Movie theater bosses have plenty of cause for cheer this week — not least because 2,000 of them are spending it at a bustling Las Vegas casino adorned with posters proclaiming “The Big Screen Is Back.”
After a year-and-a-half of big film releases placed on hold due to Covid, the CinemaCon trade summit has seen studios show off a glut of forthcoming blockbuster offerings, with James Bond, Batman, Spider-Man and The Matrix all headed for the big screen soon.
But beneath the talk of theatrical renaissance is a great deal of uncertainty — highlighted by the absence from Caesars Palace of Disney, which unlike its rivals did not put on a presentation of its theatrical schedule for the next few months.
The Delta variant is keeping Disney executives at home — the same strain of Covid that has reduced US consumer confidence in the safety of going to theaters from its early-summer high.
But Disney bosses may have drawn a frosty reception in the desert heat had they met with owners of international multiplexes and independent mom-and-pop theaters, who rely heavily on their wildly popular product.
Hollywood’s biggest studio has launched multiple recent films on its own Disney+ streaming platform, including Black Widow, Jungle Cruise and Cruella, taking money out of box office registers and popcorn concession stands.
While its comedy Free Guy and next big Marvel superhero film “Shang-Chi and the Legend of the Ten Rings” are exclusive to theaters, nobody knows what Disney is planning next.
“We need to know where they’re going in the future,” National Association of Theatre Owners chief John Fithian told AFP.
“We just don’t know what’s coming from them after those movies. We need some greater signals about what their release models are,” he added.
Disney is not alone — rival Warner Bros for instance was slammed by theaters and A-listers for releasing all its 2021 titles on HBO Max, although it has since committed to a shorter, 45-day exclusive big-screen window for next year’s movies.
But the competition between entertainment giants to drive new subscribers to their streaming platforms at any cost is a broader issue, and movie theaters are currently caught in the crossfire.
“The streaming wars are hot and heavy, and some studios have their streaming platforms as a big priority, and some don’t,” said Fithian.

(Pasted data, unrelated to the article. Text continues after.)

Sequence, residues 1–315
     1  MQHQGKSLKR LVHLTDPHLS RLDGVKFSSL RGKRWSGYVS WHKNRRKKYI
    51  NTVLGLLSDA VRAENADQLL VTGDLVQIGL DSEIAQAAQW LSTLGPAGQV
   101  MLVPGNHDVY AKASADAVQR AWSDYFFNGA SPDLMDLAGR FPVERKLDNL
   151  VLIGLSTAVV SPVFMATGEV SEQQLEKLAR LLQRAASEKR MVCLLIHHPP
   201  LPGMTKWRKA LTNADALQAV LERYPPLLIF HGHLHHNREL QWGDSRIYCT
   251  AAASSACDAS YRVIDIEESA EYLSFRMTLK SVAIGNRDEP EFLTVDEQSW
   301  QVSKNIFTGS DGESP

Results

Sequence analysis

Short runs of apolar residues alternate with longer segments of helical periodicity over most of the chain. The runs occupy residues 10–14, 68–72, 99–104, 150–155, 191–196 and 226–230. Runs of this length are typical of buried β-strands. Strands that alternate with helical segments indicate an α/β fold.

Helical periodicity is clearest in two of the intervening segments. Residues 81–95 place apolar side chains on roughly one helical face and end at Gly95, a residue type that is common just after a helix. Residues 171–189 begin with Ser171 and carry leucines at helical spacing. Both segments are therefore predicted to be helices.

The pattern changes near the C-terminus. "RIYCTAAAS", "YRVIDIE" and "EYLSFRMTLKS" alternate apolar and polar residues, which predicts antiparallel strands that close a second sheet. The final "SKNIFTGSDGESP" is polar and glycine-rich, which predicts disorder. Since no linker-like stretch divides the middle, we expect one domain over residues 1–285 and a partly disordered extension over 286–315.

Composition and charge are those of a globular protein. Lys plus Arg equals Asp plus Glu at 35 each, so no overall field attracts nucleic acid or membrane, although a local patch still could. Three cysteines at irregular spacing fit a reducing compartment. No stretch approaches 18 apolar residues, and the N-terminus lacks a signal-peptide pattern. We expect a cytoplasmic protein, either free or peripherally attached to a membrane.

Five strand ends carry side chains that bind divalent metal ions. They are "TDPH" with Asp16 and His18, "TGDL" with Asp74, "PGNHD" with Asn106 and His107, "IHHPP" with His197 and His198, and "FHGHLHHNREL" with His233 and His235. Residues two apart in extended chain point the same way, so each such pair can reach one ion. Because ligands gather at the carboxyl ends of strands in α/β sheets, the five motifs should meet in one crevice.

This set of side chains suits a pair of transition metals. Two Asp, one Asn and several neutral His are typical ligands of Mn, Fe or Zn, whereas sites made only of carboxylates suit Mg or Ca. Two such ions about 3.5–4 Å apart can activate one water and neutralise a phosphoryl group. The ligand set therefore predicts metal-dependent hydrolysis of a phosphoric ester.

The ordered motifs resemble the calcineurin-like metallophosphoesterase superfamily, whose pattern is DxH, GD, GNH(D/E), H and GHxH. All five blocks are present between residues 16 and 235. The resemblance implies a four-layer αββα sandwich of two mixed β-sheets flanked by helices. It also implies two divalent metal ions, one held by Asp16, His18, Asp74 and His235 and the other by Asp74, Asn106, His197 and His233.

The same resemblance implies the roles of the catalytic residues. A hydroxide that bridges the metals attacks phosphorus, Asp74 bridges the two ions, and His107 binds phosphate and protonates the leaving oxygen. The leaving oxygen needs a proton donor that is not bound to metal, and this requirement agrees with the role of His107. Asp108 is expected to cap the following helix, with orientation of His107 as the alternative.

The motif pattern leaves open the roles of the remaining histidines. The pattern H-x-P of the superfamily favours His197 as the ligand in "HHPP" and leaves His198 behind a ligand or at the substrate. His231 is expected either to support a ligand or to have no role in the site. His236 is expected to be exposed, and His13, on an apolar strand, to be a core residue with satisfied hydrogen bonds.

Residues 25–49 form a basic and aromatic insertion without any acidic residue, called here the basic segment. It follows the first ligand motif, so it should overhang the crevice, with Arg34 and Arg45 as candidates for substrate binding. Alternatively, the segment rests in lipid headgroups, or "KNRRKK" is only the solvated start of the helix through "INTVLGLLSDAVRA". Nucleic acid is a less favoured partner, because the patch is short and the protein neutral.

“We are concerned about the attitude of some on the studio side, that profitability doesn’t matter — all that matters is subscribers,” he added.
The concern raised by Hollywood studios experimenting with streaming is nothing compared to the ever-growing reach of Big Tech.
Earlier in the week historic studio MGM confirmed the long-delayed James Bond movie No Time To Die will finally see the light of day in October — important due to the franchise’s enormous popularity, and symbolic as 007’s outing was the first major movie delayed in March 2020.
But any mention of the Hollywood Golden Age-era studio’s ongoing takeover by tech giant Amazon was, like Disney, conspicuously absent.
“What does an Amazon acquisition of MGM mean? We don’t know,” said Fithian.
“I hope it means that the creative vision, and the ways that movies are released by the MGM team, continues and is encouraged and is fostered. But it might not.”
While theater owners insist studios will make more money by putting all their films back on the big screen once the pandemic eases, the equation changes for the deep-pocketed likes of Amazon, who have other priorities.
“It’s not a business model that means they want big returns on their movies — they want to drive people to Amazon Prime,” Fithian said.
“It does concern us when a gigantic tech company like that proposes to acquire a historic film studio with filmmakers that want their movies in our theaters,” he added.
The Amazon-MGM deal was announced in May, and is currently the subject of a federal antitrust probe.
While the theater owners’ group has not taken a formal position, Fithian noted that regulators have the power to block or attach specific conditions to any merger.
“We are concerned about conditions on that acquisition, and we’d like to see movies released by MGM for theatrical release,” he said.